Amy Leatheren is a young nurse asked to accompany an archaelogical expedition to the Middle East to look after Louise Leidner, the wife of the man heading the dig. Louise is a beautiful but frightened woman capable of both sweetness and offhand cruelty. What she is frightened of is quite vague but may be connected to tensions on the dig. On the suface it is friendly and familiar, but a dangerous unrest lies just beneath the surface.

Amy discovers answers to questions too late to prevent a particularly brutal murder and Christie's famous detective, Hercule Poirot, must solve the baffling puzzle of how the murder occurred. Amy has been asked to put on pen and paper her account of the events which transpired and this is her narrative. Soon she is acting as Poirot's helper and, to her delight and embarrassment, having the time of her life. There are both secret relationships and secret identities, and before too long, another murder.

Christie creates a wonderful atmosphere here. From the Tigris Palace Hotel in Baghdad to Tell Yarimjah, and from bazaars where people from various nationalities and backgrounds gather to tea and scones ovelooking the ruins she makes the archaelogical expedition come alive. You really get a sense of people moving about in a passion to discover this Assyrian city like Niveveh close to Hassanieh. You can almost see the beautiful and unusual Louise nearly asking to be murdered yet at the same time oblivious to the true danger that lies in wait.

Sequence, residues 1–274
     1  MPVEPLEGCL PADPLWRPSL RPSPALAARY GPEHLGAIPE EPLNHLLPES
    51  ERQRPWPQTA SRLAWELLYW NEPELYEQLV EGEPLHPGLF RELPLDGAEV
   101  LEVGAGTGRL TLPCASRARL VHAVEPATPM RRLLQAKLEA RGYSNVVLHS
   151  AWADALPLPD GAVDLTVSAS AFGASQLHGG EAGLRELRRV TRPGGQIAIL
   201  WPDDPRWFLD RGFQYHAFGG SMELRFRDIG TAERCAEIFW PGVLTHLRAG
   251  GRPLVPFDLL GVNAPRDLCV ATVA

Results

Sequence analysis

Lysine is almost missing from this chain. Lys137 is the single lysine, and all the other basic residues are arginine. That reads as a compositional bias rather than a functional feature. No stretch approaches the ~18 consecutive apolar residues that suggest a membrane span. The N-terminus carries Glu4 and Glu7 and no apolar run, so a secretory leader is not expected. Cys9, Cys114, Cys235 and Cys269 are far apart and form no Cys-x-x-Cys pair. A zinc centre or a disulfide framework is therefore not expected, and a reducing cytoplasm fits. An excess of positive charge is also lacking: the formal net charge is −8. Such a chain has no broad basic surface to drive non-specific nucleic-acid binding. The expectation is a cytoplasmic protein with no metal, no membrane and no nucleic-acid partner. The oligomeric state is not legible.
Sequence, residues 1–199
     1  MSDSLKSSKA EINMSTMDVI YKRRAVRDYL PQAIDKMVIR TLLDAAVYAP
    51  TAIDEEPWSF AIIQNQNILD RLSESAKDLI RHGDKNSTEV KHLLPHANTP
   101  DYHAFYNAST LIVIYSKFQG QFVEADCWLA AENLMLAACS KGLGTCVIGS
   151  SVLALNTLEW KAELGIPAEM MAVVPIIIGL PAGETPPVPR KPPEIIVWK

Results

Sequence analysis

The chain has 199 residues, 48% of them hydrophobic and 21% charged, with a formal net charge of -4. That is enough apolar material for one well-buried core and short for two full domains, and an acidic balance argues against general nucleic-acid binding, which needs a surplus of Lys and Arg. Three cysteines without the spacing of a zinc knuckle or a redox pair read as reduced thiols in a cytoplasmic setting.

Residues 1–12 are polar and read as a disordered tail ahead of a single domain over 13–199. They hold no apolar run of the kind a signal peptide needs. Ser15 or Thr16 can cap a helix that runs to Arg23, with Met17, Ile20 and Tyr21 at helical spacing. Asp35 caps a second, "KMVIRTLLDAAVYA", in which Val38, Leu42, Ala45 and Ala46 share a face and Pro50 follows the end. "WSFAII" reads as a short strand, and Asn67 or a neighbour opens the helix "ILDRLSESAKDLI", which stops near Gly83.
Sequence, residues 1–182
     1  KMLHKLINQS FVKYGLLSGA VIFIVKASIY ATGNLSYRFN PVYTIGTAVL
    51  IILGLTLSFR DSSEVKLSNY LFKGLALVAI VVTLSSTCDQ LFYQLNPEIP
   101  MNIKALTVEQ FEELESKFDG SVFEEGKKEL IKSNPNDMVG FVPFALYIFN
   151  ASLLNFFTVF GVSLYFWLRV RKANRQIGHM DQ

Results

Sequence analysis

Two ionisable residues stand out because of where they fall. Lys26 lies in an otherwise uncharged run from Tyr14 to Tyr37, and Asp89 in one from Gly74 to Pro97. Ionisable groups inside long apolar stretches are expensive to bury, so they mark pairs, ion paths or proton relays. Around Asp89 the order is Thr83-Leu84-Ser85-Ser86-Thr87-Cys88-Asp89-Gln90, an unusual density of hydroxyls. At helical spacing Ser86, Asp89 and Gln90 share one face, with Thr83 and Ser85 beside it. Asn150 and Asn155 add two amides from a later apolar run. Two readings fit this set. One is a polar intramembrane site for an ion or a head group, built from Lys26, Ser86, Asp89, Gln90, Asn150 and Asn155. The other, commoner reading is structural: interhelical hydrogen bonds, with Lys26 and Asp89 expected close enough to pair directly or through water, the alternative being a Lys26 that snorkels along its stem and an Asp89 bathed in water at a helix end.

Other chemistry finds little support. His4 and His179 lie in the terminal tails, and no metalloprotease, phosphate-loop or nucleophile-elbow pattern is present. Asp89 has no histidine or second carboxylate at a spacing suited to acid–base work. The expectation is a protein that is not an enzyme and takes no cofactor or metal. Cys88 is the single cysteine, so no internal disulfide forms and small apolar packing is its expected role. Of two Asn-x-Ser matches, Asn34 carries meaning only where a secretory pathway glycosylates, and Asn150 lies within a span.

While the solution is wildly intricate and implausible a fun and likable heroine and tons of atmosphere make for a great mystery read. A delightfully old-fashioned mystery fans of the genre will enjoy greatly.
9 internautes sur 9 ont trouvé ce commentaire utile 
4.0 étoiles sur 5 Perhaps Poirot should have vacationed somewhere else... 1 juin 2004
Par Jeanne Tassotto - Publié sur
since his trip to the Middle East seems to keep him working.
This 1935 novel is set in Mesopotamia (present day Iraq) at an archeological dig, a setting that Christie came to know quite well after her marriage to an archeologist. A nurse, Amy Leatheran, has been engaged to care for the wife of the leader of an archeological expedition. She was told that the woman was suffering from 'nerves' only and that there was no real problem. Unfortunately for the patient her concerns turned out to be not imaginary after all, she was murdered. Hercule Poirot who was traveling through the area was brought into the case and of course solved the mystery.